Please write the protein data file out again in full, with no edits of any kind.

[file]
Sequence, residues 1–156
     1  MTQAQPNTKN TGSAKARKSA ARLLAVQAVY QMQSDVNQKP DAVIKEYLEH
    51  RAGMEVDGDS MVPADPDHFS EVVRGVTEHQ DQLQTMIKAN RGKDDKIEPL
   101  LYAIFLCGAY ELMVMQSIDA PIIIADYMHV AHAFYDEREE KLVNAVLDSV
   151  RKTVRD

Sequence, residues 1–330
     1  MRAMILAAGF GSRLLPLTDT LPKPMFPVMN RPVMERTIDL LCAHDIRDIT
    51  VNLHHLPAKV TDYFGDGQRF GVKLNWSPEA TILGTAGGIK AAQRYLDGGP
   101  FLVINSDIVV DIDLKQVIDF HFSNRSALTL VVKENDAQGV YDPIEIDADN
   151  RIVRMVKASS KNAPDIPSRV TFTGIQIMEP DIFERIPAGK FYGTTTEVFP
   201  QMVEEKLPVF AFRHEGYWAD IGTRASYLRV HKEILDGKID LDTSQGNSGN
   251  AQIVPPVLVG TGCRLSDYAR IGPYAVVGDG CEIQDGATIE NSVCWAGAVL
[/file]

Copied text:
Sequence, residues 1–156
     1  MTQAQPNTKN TGSAKARKSA ARLLAVQAVY QMQSDVNQKP DAVIKEYLEH
    51  RAGMEVDGDS MVPADPDHFS EVVRGVTEHQ DQLQTMIKAN RGKDDKIEPL
   101  LYAIFLCGAY ELMVMQSIDA PIIIADYMHV AHAFYDEREE KLVNAVLDSV
   151  RKTVRD

Sequence, residues 1–330
     1  MRAMILAAGF GSRLLPLTDT LPKPMFPVMN RPVMERTIDL LCAHDIRDIT
    51  VNLHHLPAKV TDYFGDGQRF GVKLNWSPEA TILGTAGGIK AAQRYLDGGP
   101  FLVINSDIVV DIDLKQVIDF HFSNRSALTL VVKENDAQGV YDPIEIDADN
   151  RIVRMVKASS KNAPDIPSRV TFTGIQIMEP DIFERIPAGK FYGTTTEVFP
   201  QMVEEKLPVF AFRHEGYWAD IGTRASYLRV HKEILDGKID LDTSQGNSGN
   251  AQIVPPVLVG TGCRLSDYAR IGPYAVVGDG CEIQDGATIE NSVCWAGAVL